Belief systems, which erode clarity

I’ve written before about a comma(,) which muddles meaning, and a comma with restrictive which. The first was in a newspaper editorial, the second in a de Maupassant translation; both were inserted seemingly because of an unfortunate belief in the bogus rule about that and which.

Here, inevitably, is another example, this one in bell hooks’ book All About Love:

Ultimately, though, the authors remained wedded to belief systems, which suggest that there are basic inherent differences between women and men.

The appearance after belief systems of a comma followed by which induces a pause and primes the reader to expect a relative clause about the consequences of remaining wedded to belief systems in general. But that’s not what happens.

First, uninflected suggest implies that the antecedent (what which refers to) is plural, i.e., belief systems, not the (singular) fact that certain authors remain wedded to them. Then the rest of the line shows that the writer is talking about specific belief systems.

So the relative clause is restrictive – the type of belief systems referred to is semantically restricted. Adding a comma makes it non-restrictive, which makes no sense here. I had to reread the sentence to parse it properly, this time ignoring the misleading comma.

Maybe the writer used which rather than that to avoid repeating that (“belief systems that suggest that”), though of course the second that is optional. Or maybe she just preferred which there. Either relative pronoun would have been fine. Adding a comma was not.

Again I’m inclined to think the comma was added by an editor who remains wedded to a belief system* which misinforms them about the grammaticality of which in restrictive clauses in all varieties of English.

Further reading: a discussion among editors on the that/which pseudo-rule. Or see the links above for more detailed discussion.


* Note the complete lack of a comma here. Savour it.

13 Responses to Belief systems, which erode clarity

  1. Pamela says:

    Agh! One of my pet peeves: editors who indiscriminately apply “rules” without consideration of content and context. I consider these folks technicians, not editors.

  2. Barrie says:

    Some other languages seem not to differentiate between restrictive and non-restrictive clauses in the way that English does. I have, however, heard that Persian has a special pronoun to introduce restrictive relative clauses.

    Huddleston and Pullum’s terms ‘integrated’ and ‘supplementary’ for ‘restrictive and ‘non-restrictive’ don’t seem to have caught on, which is a pity because they are more explicit.

  3. Stan says:

    Pamela: Yes, the automatic application of rules does readers and writers (and other editors) a disservice. I don’t know for sure that an editor is to blame for this comma, of course. (It’s more likely so in the Guardian example.)

    Barrie: I haven’t studied how other languages handle this. And I agree, integrated and supplementary relative are nominally better terms, but they remain very niche, so I tend to use the terms more people will be familiar with.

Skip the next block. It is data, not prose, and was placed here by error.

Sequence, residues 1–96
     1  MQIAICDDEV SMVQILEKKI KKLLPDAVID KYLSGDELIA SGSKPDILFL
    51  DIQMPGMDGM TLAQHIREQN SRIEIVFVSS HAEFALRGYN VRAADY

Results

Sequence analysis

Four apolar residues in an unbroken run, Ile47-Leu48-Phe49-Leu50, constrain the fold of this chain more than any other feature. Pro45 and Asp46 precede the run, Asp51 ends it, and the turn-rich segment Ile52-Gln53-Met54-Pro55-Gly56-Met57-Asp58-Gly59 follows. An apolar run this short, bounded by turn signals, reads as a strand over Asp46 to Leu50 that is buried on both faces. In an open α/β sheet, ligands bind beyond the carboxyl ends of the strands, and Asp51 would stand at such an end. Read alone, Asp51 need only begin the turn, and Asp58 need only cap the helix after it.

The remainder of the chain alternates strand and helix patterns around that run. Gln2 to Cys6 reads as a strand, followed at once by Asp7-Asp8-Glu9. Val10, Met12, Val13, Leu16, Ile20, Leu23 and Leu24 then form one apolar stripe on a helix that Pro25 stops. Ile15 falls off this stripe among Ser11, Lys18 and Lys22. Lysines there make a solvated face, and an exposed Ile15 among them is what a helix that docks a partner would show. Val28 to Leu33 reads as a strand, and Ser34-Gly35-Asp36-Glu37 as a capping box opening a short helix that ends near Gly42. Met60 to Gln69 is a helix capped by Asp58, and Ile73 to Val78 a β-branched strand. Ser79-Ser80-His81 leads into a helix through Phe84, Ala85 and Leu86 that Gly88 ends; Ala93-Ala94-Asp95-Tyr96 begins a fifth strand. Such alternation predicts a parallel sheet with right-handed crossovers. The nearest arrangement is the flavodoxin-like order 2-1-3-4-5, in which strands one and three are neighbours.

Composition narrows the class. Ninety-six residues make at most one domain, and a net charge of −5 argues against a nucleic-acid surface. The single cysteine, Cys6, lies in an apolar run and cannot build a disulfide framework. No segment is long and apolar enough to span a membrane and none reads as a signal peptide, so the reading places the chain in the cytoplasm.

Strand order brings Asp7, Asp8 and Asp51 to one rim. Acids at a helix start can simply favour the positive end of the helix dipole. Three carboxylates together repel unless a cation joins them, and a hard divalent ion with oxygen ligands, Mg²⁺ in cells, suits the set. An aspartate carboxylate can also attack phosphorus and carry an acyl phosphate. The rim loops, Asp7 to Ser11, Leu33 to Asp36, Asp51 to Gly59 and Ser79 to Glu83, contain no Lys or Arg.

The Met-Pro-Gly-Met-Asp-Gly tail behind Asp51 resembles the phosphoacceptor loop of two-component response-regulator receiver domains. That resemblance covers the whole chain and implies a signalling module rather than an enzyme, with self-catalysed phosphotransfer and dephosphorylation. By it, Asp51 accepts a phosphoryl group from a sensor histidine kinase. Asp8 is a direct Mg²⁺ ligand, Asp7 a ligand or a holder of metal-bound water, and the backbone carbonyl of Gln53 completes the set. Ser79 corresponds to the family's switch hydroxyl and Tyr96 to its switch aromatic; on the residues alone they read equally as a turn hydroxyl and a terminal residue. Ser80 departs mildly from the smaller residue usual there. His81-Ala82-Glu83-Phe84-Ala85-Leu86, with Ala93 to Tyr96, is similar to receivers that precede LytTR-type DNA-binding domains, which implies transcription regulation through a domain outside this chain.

4. marc leavitt says:

    I couldn’t agree more, but I’m more annoyed by the question of comma-tizing or non-commatizing.

  5. Agreed. Why is ‘which’ specially stigmatised? Why don’t editors find the same problems with other wh- words?

  6. Stan says:

    Marc: The comma can do the work. This frees up which to be used as writers see fit (and have seen fit for centuries).

    paadoty: Thank you! These that/which muddles are a good example of unnecessary rules causing what some linguists call “nervous cluelessness” in uncertain writers, something your post touches on.

    Edward: I don’t know; it probably varies from one editor to the next. In many cases I guess it’s simply because they’ve been told, or are following a style guide, and they acquiesce rather than analyse or dispute it.

  7. “Why don’t editors find the same problems with other wh- words?”

    I think that, in addition to what Stan said, it’s simply because they don’t see the forest for the trees. I think it takes a little training in linguistics to be able to see the more complex rules governing their use.

  8. My sister and husband has concerns over my structure and grammar. SO I was very happy to have found your blog. I need help in this department. I will be following and wonder if you have any suggestions to offer or perhaps a guide I could purchase to aide in my poor grammar skills. Thanks so much.

  9. Dear Grammarian: I never would have found your site had it not been for my BloodyBloggingBeginnings! I am a Strunk & White believer–for the most part. About conTroversy: why do Brits do it right? I look forward to your postings and analyses. Oh, The Deluxe Transitive Vampire: The Ultimate Handbook of Grammar for the Innocent, the Eager, and the Doomed is used and loved here in the U.S. (or is that US?). [Note the serial comma: a, b, AND c.]

  10. Stan says:

    Thanks for stopping by and joining in the discussion, James. The pronunciation of controversy in Britain is just a different convention, as I’m sure you know; it’s not about its being more or less right than the American pronunciation. For the record, I’m neither American nor British.

    I did indeed note your punctuation! You might be interested in what I wrote about the serial comma.

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